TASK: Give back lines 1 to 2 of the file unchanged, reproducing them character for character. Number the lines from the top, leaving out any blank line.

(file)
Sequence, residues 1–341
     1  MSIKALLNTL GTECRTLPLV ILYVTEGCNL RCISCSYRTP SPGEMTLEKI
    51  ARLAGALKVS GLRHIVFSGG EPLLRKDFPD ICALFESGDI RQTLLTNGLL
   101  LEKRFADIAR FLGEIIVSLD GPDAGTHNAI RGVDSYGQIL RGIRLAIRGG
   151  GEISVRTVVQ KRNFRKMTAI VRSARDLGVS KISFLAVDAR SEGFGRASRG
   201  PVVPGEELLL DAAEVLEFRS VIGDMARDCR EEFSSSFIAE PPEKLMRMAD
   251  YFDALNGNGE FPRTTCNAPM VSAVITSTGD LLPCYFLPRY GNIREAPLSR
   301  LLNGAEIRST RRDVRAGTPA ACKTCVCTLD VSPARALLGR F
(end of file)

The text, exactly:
Sequence, residues 1–341
     1  MSIKALLNTL GTECRTLPLV ILYVTEGCNL RCISCSYRTP SPGEMTLEKI